Evil Empire is the second studio album by American rock band Rage Against the Machine, released on April 16, 1996 by Epic Records. Its title refers to a term used in the early 1980s by President Ronald Reagan and many American conservatives to describe the former Soviet Union. Evil Empire debuted at number 1 on the US Billboard 200, and its single "Tire Me" won a 1996 Grammy Award for Best Metal Performance; "Bulls on Parade" and "People of the Sun" were also nominated for Grammys for Best Hard Rock Performance. The album was certified 3x platinum by the Recording Industry Association of America on May 24, 2000.
Rage Against the Machine is an American rock band from Los Angeles, California. Formed in 1991, the group consists of vocalist Zack de la Rocha, bassist and backing vocalist Tim Commerford, guitarist Tom Morello, and drummer Brad Wilk. Rage Against the Machine is well known for the members' revolutionary political views, which are expressed in many of the band's songs. As of 2010, they had sold over 16 million records worldwide.
In 1992, the band released its eponymous debut album, which became a commercial and critical success, leading to a slot in the 1993 Lollapalooza festival. In 2003, the album was ranked number 368 on Rolling Stone's list of the 500 greatest albums of all time. A follow-up record was released in 1996, with Evil Empire. The band's third album, The Battle of Los Angeles, followed in 1999, and in 2003, the album was ranked number 426 on the same list. During their initial nine-year run, they became one of the most popular and influential bands in music history, according to music journalist Colin Devenish. They were also ranked No. 33 on VH1's 100 Greatest Artists of Hard Rock. The band had a large influence on the nu metal genre which came to prominence during the second half of the 1990s.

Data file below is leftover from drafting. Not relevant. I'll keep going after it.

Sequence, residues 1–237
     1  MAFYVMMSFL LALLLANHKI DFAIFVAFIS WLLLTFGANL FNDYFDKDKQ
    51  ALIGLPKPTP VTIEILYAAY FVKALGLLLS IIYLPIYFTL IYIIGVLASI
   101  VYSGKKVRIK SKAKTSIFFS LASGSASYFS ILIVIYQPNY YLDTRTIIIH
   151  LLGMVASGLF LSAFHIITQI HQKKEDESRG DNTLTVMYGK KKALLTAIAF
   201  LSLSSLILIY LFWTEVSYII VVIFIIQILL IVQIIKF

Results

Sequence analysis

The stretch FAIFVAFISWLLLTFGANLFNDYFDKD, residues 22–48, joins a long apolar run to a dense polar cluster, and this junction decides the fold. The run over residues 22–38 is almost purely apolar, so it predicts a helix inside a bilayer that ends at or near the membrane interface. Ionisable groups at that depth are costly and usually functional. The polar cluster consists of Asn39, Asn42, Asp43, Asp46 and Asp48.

In 2000, the band released the cover album Renegades. The same year, Rage Against the Machine disbanded after growing creative differences led to de la Rocha's departure. De la Rocha started a low-key solo career, while the rest of the band formed the rock supergroup Audioslave with Chris Cornell, the former frontman of Soundgarden; Audioslave recorded three albums before disbanding in 2007. The same year, Rage Against the Machine announced a reunion and performed together for the first time in seven years at the Coachella Valley Music and Arts Festival in April 2007. Up until 2011, the band continued to perform at more live venues and festivals around the world. In 2016, Morello, Commerford and Wilk formed a new band, Prophets of Rage, with Chuck D and B-Real. In 2017, Rage Against the Machine were nominated for induction into the Rock & Roll Hall of Fame in their first year of eligibility.